I did a self-portrait with brush and ink one day and when standing back to look it over, though it did not elicit tears, I was astounded to notice the resemblance it bore to my father. I usually do not see that resemblance but there it was.
I have had paintings stop me in stunned paralysis in a gallery but no tears; definitely a flush of appreciation to realizing a great work. Oddly enough, Ive cried with music but not visual arts. We should have an emotional reaction to art!The many self portraits Rembrandt left us with are a telling depiction of his life and a great artist. Looking into that face over time, ego was the last thing the artist was trying to convey. Weve all seen self portraits that struck us as painful certainly not an exercise in narcissism. I painted myself because my children asked me to. At age sixty, I am far happier with this self portrait than if I had done one at thirty. I will also paint my seventy year old husband this year, also at the urging of our children. I would much rather paint an aged face than youth and beauty. Self analysis is a necessary part of the process and maybe that is why Linda reacted so strongly? As I neared completion of the painting, it was a bit arresting not to have my image move, as in a mirror. I removed myself from the intimacy of the self portrait and approached it as a commission.
Yes, it’s a sudden glimpse of truth that makes me cry. Sometimes, you can’t explain why because you don’t even understand what you see–like the song by Pavarotti, not many of us can understand the Italian words (I can’t) but somehow the song sings true.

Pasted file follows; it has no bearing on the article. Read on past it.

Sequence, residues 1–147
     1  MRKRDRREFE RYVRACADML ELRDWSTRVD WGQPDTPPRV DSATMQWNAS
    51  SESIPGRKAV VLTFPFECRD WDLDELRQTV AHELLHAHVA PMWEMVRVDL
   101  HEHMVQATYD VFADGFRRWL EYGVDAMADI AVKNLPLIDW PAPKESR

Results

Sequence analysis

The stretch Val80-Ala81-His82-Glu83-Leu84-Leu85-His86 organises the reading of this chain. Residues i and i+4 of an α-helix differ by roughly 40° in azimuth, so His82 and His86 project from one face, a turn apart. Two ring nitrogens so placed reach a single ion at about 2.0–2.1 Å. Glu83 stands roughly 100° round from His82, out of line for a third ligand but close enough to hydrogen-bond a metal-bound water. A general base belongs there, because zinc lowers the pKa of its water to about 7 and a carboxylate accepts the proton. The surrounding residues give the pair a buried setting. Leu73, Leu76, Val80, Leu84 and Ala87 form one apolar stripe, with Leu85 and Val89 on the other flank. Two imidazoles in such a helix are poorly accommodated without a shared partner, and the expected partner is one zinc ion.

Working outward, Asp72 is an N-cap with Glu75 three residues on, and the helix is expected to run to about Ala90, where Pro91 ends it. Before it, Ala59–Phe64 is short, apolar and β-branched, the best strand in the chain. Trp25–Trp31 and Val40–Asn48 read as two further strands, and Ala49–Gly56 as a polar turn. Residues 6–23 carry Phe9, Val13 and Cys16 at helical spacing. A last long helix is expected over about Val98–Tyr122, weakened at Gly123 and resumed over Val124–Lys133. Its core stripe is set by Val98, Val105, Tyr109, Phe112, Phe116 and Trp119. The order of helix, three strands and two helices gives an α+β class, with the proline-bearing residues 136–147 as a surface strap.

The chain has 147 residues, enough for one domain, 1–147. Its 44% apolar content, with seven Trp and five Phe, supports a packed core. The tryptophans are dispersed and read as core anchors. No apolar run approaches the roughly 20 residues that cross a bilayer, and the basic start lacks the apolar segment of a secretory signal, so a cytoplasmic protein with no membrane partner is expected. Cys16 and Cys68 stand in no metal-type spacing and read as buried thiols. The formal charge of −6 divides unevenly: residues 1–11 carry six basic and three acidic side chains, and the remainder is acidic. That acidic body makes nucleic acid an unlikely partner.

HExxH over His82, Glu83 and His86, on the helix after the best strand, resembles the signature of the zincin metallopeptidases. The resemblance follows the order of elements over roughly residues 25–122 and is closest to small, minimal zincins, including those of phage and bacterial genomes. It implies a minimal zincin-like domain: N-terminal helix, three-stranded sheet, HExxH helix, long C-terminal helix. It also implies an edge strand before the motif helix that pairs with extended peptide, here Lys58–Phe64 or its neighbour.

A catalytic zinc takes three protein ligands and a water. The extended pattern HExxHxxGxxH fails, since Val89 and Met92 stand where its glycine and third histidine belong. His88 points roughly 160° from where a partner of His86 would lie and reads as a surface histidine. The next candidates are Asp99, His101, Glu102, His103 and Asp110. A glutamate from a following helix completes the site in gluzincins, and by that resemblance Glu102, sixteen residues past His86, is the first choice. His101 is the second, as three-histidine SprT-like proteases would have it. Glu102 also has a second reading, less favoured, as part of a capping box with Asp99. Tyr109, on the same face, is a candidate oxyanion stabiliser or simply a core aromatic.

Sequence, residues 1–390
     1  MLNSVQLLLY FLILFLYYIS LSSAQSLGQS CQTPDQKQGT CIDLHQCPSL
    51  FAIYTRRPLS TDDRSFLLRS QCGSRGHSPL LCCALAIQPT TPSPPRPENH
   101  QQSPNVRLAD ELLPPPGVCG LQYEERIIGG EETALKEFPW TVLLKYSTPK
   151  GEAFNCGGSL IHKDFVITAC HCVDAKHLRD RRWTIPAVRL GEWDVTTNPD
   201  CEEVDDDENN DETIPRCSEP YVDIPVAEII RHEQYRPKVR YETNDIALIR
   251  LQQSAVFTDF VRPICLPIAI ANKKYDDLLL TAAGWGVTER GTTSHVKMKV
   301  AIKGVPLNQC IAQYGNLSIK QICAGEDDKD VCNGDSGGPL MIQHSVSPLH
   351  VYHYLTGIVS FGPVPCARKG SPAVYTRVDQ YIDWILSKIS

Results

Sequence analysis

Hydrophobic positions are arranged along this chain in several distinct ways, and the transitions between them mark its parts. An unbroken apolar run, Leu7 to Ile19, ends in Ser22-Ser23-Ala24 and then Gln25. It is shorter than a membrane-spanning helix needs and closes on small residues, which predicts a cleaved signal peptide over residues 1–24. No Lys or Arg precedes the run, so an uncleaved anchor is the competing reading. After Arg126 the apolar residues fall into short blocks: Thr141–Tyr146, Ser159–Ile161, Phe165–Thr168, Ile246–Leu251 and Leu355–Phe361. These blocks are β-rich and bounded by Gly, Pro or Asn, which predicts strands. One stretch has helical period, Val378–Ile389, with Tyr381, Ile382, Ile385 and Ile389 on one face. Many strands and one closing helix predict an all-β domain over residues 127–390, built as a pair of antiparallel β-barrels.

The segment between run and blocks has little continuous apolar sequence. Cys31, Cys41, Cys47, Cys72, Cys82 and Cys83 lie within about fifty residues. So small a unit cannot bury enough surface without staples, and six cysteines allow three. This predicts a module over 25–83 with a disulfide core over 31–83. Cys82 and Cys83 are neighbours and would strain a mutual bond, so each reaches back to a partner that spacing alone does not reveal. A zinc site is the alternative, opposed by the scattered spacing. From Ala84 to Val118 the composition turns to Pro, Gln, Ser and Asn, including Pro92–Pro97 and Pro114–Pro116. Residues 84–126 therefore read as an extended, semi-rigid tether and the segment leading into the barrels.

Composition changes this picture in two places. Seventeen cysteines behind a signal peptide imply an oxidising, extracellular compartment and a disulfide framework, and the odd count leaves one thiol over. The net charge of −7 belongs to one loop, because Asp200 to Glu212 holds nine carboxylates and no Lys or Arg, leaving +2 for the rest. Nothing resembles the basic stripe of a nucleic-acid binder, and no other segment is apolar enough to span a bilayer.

Oh Robert, The tears I’ve shed while experiencing art! If I could only share the multitude of emotions that I have learned about over the past 30 years, while painting and teaching.I will agree with everyone on how we can be brought to tears ,when standing before great works, and as for painting and being moved by music… I can only describe it as bringing my soul to meet my conscience and exploding through my hand. I can cry just remembering the experiences!! What brought me to reply to your letter, was your response to the question, “What is the most important word or words an artist needs to know?” Several years ago, I too, was faced with that question in one of my weekly classes. The student worded it different, but I knew what she was getting at. I pondered several days over this, and thought to myself, if there was time for only thing I could share with someone, and put them in the right direction to study and produce any art, what would that one most important word be? Well Robert… there is only one word… VALUE Now, I know, every artist reading this can visualize those little blocks of grays all lined up, and yes, we all know the importance of pushing your values in a painting….but, what are we really doing? We take a plane, that is void and blank. We then start adding values, with lines, strokes and color, each one representing some kind of emotion. We then have given life to a void. With each value we add, we bring more life to that void. The image we have produced becomes more real with each value we add. Now, relate this to raising a child, or doing a self portrait….what more powerful word do we have in our vocabulary than value? I have taught many beginner students, and the first thing I do, is to help them to see values. With each value they are able to add, they see more value to their work, and each time they see more value in their work, their value of themselves grows stronger and stronger. They feel more alive…..of more value! How can you go out and start painting the values of a beautiful scene, and not start placing more value on the beauty before you? Think of the prisons… maybe they are full because no one took the time to show them the values. You can go on any of the prison sites, and see thousands of beautiful pieces of art. Maybe they are starting to see their values better. To me, there is nothing more exciting than to watch someone see more value in things or people. But… there is nothing more sad, than someone that starts losing their values. Take a look at some of the masters works, and notice how they over time started losing values little by little. Van Gogh was a good example, notice in his self portraits, how he just started eliminating the values one by one. What do you think this says about his life? I could go on with this for days, weeks, or even years, so Ill close for now with one last statement… it is my hope, that more artist will help others see their values! www.daviesstudio.com